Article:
nickname for a person with a rosy complexion.
Early Origins of the Rouzet family
Limousin, where this illustrious family has held a family seat since ancient times.
Early History of the Rouzet family
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Rouzet Spelling Variations
spelling variations of the name Rouzet, some of which include Larose, Laroses, Larause, La Rose, La Rause, Rosse, De Rose, De Rosse and many more.
Early Notables of the Rouzet family (pre 1700)
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Migration of the Rouzet family to the New World and Oceana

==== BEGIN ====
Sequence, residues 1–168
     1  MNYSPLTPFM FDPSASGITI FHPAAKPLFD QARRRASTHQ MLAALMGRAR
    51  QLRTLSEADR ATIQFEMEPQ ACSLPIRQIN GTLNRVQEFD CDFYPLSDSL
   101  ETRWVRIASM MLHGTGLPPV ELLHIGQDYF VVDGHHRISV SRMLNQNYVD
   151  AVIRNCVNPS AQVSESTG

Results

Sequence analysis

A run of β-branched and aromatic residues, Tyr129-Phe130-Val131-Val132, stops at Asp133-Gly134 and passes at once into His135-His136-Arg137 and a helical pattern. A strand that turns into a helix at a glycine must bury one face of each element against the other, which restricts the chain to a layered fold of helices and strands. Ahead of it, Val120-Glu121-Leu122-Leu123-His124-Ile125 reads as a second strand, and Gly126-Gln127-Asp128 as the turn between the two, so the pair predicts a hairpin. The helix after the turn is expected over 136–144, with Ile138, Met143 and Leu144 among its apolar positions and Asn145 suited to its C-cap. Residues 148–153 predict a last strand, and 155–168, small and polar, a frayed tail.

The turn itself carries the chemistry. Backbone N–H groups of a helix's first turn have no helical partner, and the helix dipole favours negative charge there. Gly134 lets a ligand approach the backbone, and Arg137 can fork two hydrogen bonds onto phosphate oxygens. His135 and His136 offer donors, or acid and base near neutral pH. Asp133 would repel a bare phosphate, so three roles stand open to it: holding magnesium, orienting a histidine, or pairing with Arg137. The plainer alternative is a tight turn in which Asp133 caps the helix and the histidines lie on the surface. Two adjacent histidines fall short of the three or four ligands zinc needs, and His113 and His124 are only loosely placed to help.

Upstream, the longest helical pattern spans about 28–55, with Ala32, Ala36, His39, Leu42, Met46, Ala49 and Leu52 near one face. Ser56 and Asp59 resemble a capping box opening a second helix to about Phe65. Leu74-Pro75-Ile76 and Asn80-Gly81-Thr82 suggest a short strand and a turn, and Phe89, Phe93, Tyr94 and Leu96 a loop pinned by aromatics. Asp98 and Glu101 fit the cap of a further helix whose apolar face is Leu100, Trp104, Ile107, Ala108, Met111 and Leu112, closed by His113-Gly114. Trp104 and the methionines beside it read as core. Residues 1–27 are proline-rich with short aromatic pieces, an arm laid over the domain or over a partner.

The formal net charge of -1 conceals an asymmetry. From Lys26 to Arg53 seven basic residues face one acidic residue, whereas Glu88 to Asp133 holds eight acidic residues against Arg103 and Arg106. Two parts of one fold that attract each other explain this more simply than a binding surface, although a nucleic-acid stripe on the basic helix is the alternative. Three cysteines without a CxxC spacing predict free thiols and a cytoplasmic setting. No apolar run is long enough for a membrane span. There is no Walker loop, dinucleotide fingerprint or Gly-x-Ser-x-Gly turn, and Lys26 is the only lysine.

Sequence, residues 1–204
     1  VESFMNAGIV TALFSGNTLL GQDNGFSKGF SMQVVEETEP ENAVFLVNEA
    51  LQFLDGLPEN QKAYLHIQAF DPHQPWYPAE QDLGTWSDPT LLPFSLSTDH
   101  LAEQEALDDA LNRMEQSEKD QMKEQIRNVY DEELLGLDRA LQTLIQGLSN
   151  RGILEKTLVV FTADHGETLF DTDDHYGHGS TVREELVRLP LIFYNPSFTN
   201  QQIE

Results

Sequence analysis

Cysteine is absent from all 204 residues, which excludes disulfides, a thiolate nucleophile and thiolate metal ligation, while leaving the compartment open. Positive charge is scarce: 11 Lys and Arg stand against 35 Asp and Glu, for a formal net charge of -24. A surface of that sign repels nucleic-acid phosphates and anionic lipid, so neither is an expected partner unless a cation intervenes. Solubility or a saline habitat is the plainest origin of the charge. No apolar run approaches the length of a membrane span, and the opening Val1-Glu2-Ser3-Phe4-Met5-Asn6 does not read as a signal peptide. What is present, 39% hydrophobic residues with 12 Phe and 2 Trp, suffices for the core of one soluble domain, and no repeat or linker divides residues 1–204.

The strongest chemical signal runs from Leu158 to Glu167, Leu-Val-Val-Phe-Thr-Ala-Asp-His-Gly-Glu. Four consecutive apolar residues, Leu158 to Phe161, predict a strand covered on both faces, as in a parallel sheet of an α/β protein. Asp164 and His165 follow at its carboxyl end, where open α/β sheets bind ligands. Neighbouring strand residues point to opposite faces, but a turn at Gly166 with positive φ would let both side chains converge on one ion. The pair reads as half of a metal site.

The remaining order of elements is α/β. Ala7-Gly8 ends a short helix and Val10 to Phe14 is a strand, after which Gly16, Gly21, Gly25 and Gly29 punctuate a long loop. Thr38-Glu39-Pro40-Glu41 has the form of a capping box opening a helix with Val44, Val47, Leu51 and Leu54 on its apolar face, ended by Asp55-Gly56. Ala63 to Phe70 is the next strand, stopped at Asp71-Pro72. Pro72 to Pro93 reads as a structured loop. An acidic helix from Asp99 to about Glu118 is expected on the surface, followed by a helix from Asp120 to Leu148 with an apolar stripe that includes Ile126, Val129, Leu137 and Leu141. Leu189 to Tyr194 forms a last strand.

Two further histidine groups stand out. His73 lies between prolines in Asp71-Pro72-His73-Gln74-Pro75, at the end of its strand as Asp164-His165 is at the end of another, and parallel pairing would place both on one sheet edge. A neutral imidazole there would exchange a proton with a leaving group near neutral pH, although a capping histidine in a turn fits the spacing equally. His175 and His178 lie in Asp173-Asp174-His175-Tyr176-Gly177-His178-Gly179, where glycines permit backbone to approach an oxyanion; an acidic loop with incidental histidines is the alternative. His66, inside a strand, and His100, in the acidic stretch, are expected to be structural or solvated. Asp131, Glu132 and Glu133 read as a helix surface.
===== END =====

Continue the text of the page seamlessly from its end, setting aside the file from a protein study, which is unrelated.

In the 1700s, land incentives were finally given out by France to 2,000 migrants. Early marriage was encouraged in New France, and youths of 18 took fourteen-year-old girls for their wives. The fur trade was developed and attracted migrants, both noble and commoner from France. 15,000 explorers left Montreal in the late 17th and 18th centuries, leaving French names scattered across the continent. The search for the Northwest passage continued. Migration from France to New France or Quebec, as it was now more popularly called, continued until 1759. By 1675, there were 7000 French in Quebec. By the same year the Acadian presence in Nova Scotia, New Brunswick and Prince Edward Island had reached 500. In the treaty of Utrecht, Acadia were ceded by France to Britain in 1713. In 1755, 10,000 French Acadians refused to take an oath of allegiance to England and were deported. They found refuge in Louisiana. Meanwhile, in Quebec, the French race flourished, founding in Lower Canada, one of the two great solitudes which became Canada. Many of this distinguished family name Rouzet were prominent in social, cultural, religious and political affairs in France and New France. Amongst the settlers in North America with this distinguished name Rouzet were Philip Larose, aged 45; who settled in Louisiana with his wife, Claudine, in 1719.
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